When we are called upon to use our faith, our belief should not be in the desired outcome, but in the One who can bring it to pass. We must remember that faith goes beyond a little prayer and a hope. Faith is what binds us to God. It draws us closer to Him. It brings us to obedience to His Word and puts in line with His will. It is our judgement that what God has stated is the truth. And, if He promised it, He will perform it.

Daily Bible reading: Ezekiel 10-12, Hebrews 11:1-19

Evaporate

I know of only one way that can take pure water from soil—evaporation. You can try to strain it, but without an elaborate filtration system, the effort would be futile.

All of us die eventually. Our lives are like water spilled out on the ground, which cannot be gathered up again. That is why God tries to bring us back when we have been separated from him. He does not sweep away the lives of those he cares about—and neither should you!

2 Samuel 14:14 (NLT)

If you’re chilling outside with a large glass of water sitting on the ground next to you and someone comes and kicks it over, you’re not going to try to salvage that water from the ground. You’re going to go refill your glass from the tap or a bottle. Once that water has been separated from the glass and become one with the earth, you have no use for it. It’s done for. You may even move your chair to cover the spot so you don’t soil your feet by stepping in it. It’s a mess.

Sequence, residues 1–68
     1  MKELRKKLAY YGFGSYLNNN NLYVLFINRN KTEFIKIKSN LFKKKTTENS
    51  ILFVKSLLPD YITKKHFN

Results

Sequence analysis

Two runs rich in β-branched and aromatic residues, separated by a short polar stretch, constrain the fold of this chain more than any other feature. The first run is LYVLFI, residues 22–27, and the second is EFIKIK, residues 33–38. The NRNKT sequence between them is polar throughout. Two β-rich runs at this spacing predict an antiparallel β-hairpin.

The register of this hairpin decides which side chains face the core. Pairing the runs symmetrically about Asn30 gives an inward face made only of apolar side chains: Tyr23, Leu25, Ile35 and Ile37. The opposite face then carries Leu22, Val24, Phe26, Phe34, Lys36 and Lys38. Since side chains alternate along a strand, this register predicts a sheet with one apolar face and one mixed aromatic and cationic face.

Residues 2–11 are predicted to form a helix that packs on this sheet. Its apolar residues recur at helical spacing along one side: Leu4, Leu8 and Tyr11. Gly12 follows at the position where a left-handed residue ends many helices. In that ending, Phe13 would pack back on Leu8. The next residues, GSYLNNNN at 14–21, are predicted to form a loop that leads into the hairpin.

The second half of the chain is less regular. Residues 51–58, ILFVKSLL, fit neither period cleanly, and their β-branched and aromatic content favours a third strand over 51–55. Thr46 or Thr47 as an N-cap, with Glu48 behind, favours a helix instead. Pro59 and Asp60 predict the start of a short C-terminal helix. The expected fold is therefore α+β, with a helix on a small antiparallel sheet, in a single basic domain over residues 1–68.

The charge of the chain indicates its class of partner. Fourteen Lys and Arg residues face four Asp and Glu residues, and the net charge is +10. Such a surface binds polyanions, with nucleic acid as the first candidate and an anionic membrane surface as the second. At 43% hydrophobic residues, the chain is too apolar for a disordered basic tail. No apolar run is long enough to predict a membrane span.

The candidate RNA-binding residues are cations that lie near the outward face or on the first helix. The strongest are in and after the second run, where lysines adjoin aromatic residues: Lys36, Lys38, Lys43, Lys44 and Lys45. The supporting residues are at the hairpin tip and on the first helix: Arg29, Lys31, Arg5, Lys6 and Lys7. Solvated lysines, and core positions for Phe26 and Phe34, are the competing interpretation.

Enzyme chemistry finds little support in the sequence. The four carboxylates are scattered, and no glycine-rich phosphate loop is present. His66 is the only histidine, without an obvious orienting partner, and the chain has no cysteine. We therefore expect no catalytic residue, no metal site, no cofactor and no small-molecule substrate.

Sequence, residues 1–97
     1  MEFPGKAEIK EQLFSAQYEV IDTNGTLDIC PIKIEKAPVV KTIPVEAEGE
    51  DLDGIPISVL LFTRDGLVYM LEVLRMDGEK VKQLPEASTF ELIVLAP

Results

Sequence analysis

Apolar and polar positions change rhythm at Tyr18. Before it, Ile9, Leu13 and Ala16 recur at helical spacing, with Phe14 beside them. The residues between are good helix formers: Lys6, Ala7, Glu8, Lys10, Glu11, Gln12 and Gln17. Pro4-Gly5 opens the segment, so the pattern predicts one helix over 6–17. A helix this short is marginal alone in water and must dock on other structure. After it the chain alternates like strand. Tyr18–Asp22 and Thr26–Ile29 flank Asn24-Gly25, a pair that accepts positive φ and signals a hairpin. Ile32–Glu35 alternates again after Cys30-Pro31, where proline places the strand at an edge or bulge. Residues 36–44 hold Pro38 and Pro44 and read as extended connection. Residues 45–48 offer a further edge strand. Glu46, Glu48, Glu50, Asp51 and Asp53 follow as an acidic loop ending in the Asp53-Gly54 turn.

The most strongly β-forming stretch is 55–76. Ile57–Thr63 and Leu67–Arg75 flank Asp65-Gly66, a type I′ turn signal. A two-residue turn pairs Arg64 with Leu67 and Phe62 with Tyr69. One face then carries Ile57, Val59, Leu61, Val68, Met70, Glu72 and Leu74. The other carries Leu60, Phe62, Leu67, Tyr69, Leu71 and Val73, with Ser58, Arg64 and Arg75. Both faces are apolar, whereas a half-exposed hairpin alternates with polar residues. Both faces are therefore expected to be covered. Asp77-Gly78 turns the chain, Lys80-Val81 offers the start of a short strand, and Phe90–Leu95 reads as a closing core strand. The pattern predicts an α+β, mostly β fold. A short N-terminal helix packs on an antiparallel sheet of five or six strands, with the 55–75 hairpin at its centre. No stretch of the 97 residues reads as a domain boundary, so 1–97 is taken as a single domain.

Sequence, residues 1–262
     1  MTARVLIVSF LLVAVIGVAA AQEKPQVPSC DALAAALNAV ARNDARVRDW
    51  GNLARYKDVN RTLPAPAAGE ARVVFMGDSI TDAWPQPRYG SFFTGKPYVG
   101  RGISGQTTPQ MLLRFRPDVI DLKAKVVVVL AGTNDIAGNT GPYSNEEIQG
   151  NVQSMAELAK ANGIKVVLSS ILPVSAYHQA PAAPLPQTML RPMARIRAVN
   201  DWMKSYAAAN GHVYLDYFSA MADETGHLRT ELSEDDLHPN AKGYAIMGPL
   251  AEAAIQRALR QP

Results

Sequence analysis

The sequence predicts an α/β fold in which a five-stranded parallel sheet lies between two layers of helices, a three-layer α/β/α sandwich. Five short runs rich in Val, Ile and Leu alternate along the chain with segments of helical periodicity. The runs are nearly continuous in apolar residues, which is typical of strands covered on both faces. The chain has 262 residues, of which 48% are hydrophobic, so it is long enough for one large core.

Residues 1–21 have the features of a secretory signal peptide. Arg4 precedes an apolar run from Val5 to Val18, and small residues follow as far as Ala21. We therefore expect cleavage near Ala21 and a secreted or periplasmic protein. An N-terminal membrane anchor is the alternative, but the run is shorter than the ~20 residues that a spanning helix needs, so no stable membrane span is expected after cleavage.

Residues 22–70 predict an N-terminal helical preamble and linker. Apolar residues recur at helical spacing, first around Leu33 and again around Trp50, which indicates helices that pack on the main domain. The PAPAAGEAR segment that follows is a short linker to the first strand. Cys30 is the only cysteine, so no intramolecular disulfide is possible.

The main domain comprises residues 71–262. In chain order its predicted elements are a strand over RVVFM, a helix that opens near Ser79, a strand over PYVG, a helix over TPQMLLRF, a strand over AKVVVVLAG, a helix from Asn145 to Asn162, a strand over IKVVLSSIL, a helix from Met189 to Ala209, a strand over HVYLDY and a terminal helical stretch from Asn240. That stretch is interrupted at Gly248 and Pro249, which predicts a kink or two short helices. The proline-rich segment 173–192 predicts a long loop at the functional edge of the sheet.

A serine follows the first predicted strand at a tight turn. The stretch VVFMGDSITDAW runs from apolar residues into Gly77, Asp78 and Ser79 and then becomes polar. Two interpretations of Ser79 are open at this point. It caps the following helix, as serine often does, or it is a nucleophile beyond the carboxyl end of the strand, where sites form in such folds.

At some point we all were (or maybe still are) a mess. We are that water spilled on the ground—impossible to put back where it came from. Only God can draw us out of the muck. We can try to scoop it all into a container. Maybe the dirt will settle and clear water will sit on top, but a little agitation will make it murky again. We can try to filter it through a strainer, but the fine bits of dirt and dust follow the water through and nothing will make that water clear again.

Or we can let God draw us out. He can gently lift us from the dirt like water evaporating in the warm air. We are pulled to Him in our purest form. All the dirt is left behind and we become clean again.

Let the clouds serve as a reminder of God’s grace and ability to draw you to Him. When He brings you out of the muck, all the dirt is left behind and you’ve been made pure.